Saturday, July 26, 2008

When the present is just bloody awful


This is from a Question and Answer Session with Thich Nhat Hanh on 20th of July 1998, in Plum Village:

Question : “I hear you say that the present moment is a wonderful moment. What if the present moment is just despair... a desert of emptiness and loneliness, meaninglessness, sickness, a feeling of loss and despair? Most of the time when I stop I find myself there.”

Answer By Thich Nhat Hanh

When the Buddha gave his first Dharma talk, he spoke about ill being, dukkha. Of course the feeling of loneliness, meaninglessness, sickness, despair, all belong to dukkha, ill being.

The Buddha talked about it first of all.

That was the first topic of his Dharma talk. According to the spirit of that Dharma talk, you should not try to run away from your ill being, try to escape, because if you do, you have no chance to get out of it. If you know how to embrace your pain and look deeply into it, and if you really care to look deeply, you will find out how it has come to be: the roots of your ill-being. And only with that kind of insight will you be able to get out of the situation. Therefore the attitude of running away from your suffering is not a wise attitude.

In fact the first truth, namely, ill being, suffering, has been described as a holy truth, because the first Dharma talk given by the Buddha was about the Four Holy Truths. First of all, ill being. The second truth is the cause, the roots of ill being. The third truth is the possibility of overcoming ill being and restoring well being, and the fourth is the way out of ill being and arriving at well being. Not only are the two last truths described as holy, but also the first one and the second one. Why do we call pain and suffering a holy truth? It is because, thanks to it, we can find the way to overcome suffering and ill being.

If we know how to handle our suffering, then we can learn a lot from it and we can discover the way out. But if we don’t know how to handle it, we will be overwhelmed by it, crushed by it, and the only thing we will want is to get away from it.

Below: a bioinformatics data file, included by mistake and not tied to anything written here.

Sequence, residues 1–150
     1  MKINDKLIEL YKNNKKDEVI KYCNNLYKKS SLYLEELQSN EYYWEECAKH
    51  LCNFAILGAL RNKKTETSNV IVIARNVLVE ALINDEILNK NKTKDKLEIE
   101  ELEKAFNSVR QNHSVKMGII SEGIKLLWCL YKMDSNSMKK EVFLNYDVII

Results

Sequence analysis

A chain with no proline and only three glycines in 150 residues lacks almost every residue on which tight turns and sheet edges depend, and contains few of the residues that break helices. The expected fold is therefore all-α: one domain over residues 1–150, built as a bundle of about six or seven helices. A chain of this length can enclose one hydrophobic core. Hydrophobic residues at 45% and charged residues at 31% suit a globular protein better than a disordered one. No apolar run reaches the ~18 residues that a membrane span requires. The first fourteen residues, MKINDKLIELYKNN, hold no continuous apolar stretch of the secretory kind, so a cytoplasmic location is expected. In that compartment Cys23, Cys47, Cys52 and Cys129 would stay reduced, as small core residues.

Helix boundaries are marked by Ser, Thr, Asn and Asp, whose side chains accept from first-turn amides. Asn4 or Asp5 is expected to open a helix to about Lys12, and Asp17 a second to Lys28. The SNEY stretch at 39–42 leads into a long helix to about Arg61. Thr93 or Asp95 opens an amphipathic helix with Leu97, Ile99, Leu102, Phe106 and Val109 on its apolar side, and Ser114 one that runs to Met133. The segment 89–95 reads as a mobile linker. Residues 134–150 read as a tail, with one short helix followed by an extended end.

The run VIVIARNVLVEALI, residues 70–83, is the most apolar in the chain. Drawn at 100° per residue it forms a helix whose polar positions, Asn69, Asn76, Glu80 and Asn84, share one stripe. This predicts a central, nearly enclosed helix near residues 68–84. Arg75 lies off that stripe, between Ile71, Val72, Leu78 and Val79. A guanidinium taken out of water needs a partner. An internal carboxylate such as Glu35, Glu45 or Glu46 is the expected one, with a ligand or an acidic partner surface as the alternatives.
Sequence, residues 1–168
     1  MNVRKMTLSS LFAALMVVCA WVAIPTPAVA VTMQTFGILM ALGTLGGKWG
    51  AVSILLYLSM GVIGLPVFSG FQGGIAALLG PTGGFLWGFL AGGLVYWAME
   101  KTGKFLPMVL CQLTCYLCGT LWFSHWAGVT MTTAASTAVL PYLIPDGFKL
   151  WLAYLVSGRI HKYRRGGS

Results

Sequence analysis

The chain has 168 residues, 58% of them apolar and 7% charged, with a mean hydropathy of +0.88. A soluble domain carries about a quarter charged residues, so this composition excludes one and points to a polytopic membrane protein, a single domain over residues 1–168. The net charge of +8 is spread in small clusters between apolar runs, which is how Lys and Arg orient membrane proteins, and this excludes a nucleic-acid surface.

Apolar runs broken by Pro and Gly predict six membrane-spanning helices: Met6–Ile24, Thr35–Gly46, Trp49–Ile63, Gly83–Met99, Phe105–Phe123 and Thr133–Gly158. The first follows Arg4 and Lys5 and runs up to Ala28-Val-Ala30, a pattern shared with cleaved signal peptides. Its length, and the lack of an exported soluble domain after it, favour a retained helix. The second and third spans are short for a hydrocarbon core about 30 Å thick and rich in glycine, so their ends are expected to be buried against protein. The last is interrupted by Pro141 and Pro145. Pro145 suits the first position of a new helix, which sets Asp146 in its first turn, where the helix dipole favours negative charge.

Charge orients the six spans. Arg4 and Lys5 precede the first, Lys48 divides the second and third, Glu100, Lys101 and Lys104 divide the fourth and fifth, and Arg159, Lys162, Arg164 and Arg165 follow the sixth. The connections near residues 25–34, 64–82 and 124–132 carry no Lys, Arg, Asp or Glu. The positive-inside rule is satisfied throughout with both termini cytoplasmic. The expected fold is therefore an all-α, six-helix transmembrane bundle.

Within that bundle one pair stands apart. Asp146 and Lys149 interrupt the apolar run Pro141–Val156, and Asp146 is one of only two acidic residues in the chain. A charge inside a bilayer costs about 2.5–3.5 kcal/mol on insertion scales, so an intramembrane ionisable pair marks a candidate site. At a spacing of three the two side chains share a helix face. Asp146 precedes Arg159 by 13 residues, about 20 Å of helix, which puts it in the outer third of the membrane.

But how to get away? That is why even suffering is described as holy, wonderful. "Wonderful" does not mean pleasant alone. "Wonderful" means that there is a depth that we have to discover, and that looking into this, we can discover that also. The fact is that happiness is not possible without suffering. Those of us who have not experienced any kind of suffering would not be capable of identifying happiness, this is my experience. If you have never been hungry in your life, you do not know exactly the joy of having something to eat. If you have not suffered as a homeless person, you would not be able to identify the joy of someone who has a house to live in. That is why happiness cannot be identified without the background of suffering. That is why when someone says, "Come with me—I will show you a place where there is only happiness," please don’t believe him or her. Without the background and the remembrance of suffering, of pain, you cannot enjoy the happiness you are having now. That is why not only happiness is wonderful, but your non-happiness is also wonderful.

Suppose you have sadness and you want to get away from it. How can you get away from it? You have to embrace it and look deeply into it and identify the causes that have brought it to you. Then you can learn from your sadness, and then you can enjoy the non-sadness, the well being that you can afford to have. If you know how to cut the source of nutriment that has brought on your sadness, then you are on your way to emancipation, and you begin to enjoy your non-saddness. It is like your toothache. I hope that in this moment you don’t have a toothache, yet you don’t enjoy your non-toothache until you have a toothache. Suffering from your toothache you get enlightened: you say: "It’s wonderful not to have a toothache." So, how to enjoy your non-toothache? Just remember the time when you had a toothache.

Suffering plays a very important role in helping you to be happy. That is why even what you call suffering, loneliness, meaninglessness, sadness, fear and despair can be wonderful, because it is thanks to them that you have an opportunity to discover what freedom, stability, friendship, interbeing and love are.

So let us not run away from our garbage; we should learn the art of making compost. Using that compost we will grow a lot of flowers. Don’t think that without compost you can have flowers. That is an illusion. You can have flowers only with compost. That is the insight of interbeing — look into the flower and you will see the compost. If you remove the compost that became the flower, the flower will disappear also. What you are looking for, freedom, joy, and stability, you know that suffering plays a very important role in it. So be aware that we cannot just run away from our problems. In fact, we have to go back to our problems. The practice of calming, of concentrating, of embracing, of looking deeply into the nature of our pain, is absolutely necessary for us to get the transformation, the healing that we need so much.


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